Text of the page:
‘Philomena’ earns its tears honestly

A heart-rending true story won’t get you everywhere in movies, but it can really help. And “Philomena,” based on the book “The Lost Child of Philomena Lee” by journalist and onetime UK government spokesman Martin Sixsmith, has a devastating tale to tell.

The film begins with Sixsmith (played by Steve Coogan, late of “The Trip”), a brittle Oxbridge type, newly out of a job and lowering himself to investigate a human-interest story. That’s how he meets Philomena (Judi Dench), an Irish lady with the kinds of unanswered questions that perhaps only a reporter could hunt down.

As a teenager in the 1950s, Philomena got pregnant, was taken in by a Catholic convent to hide her sin, and gave birth there.

She remained at the convent as unpaid labor, and her little boy was taken away at age 3, never to be seen or heard from again.

She’s like to know what happened. And so — despite his initial frostiness — would Sixsmith, whose outrage increases the more he learns.

What emerged is a matter of record now, but if you don’t know the story it will increase the movie’s effectiveness, so we’ll hold off on the revelations — except to say that there are some doozies.

The temptation to make this saga an odd-couple pairing between Sixsmith and Philomena has not been entirely resisted, and this leads to the film’s soggiest moments, including the caricaturing of her naivete — which, of course, is shown to be superior to Sixsmith’s worldliness, as you knew it would be.

That stuff makes “Phil-omena” seem, at times, like an awards-season offering made under the savvy hand of producer and Oscar-monger Harvey Weinstein. Which, partly, it is.

Maybe it’s Coogan’s acerbic personality (he scripted, with Jeff Pope), or director Stephen Frears’ unpretentious take on the material, but “Philomena” generally succeeds in distinguishing itself from the average weepie. The calm roll-out is effective, Coogan’s performance is shrewd, and any time the camera gets near the convent, the Irish chill is almost palpable.

Three supporting performances supply an index of the lingering damage: Sophie Kennedy Clark is touching as the young Philomena, British stage legend Barbara Jefford is monstrous as the severest nun, and Mare Winningham — in maybe five minutes of screen time — absolutely crushes it as an American woman with connections to the case. They keep the movie honest, as it should be.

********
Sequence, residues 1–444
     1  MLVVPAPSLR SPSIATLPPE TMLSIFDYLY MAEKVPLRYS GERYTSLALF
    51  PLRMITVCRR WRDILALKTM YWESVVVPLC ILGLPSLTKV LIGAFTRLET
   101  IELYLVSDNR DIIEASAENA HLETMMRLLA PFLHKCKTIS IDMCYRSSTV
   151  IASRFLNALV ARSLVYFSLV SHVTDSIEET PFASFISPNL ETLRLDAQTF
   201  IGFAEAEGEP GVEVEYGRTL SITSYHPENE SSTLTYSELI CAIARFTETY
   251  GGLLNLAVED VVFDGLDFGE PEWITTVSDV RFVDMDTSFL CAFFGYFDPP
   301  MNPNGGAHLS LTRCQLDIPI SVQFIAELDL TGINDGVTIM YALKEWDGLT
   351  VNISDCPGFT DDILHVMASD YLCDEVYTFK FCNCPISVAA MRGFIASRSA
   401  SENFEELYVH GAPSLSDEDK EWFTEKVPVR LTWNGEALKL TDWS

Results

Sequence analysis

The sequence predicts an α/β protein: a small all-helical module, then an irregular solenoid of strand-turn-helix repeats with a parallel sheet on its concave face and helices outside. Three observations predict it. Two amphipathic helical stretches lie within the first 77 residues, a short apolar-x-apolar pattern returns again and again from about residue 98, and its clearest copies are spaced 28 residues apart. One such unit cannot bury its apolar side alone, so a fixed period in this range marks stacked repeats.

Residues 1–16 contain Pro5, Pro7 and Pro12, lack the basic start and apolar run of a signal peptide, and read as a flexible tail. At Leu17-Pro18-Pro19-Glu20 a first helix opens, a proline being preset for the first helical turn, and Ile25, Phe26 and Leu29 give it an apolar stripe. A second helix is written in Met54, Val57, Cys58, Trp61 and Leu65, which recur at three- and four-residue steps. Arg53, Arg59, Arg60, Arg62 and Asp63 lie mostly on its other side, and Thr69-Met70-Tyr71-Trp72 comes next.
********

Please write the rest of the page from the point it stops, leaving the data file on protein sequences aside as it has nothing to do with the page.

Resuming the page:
“Philomena” (3 stars)

A heart-rending true story fuels this tale of a journalist (Steve Coogan) helping an Irish woman (Judi Dench) locate the whereabouts of a child taken from her by a convent in Ireland decades earlier. Director Stephen Frears doesn’t slip the temptation to make this an odd-couple pairing, but the movie manages to keep itself honest.

Rated: PG-13 for language, subject matter.

Showing: Various area theaters.

More in Life

New documentary chronicles Obama’s last year in White House

“The Final Year” doesn’t paint the administration in rosy colors, but it isn’t too critical either.

‘Forever My Girl’ takes a page from the Nicholas Sparks genre

The film based on a novel by Heidi McLaughlin is a well-worn tale of lost love and redemption.

Curries continues home-cooked Indian cuisine at new location

The restaurant, now located on Evergreen Way, also puts an Indian spin on Northwest cooking.

International guitar tour led by Lulo Reinhardt stops in Edmonds

International Guitar Night, now in its 18th year, is Jan. 24 at the Edmonds Center for the Arts.

Beer of the Week: Scuttlebutt’s Night Circus

The Everett brewery’s head brewer had nightmares trying to dial in its new coffee and coconut ale.

Viognier: French white grape gaining foothold in Washington

Viognier, the noble white grape of the northern Rhône Valley of France,… Continue reading

The latest on Snohomish County’s breweries, wineries and distilleries.

recreated one of those old recipes, brewing Tennant’s 1954 Gold Label Barleywine

New Cascadia Art Museum exhibit showcases mid-century designs

The exhibition includes ceramics, furniture, clothing, sculpture and jewelry from 1948 to 1966.

This beefy ex-cop has a delicate hobby: intricate paper-cut art

You can see Tom Sacco’s creations at the upcoming Everett Art Walk.

Most Read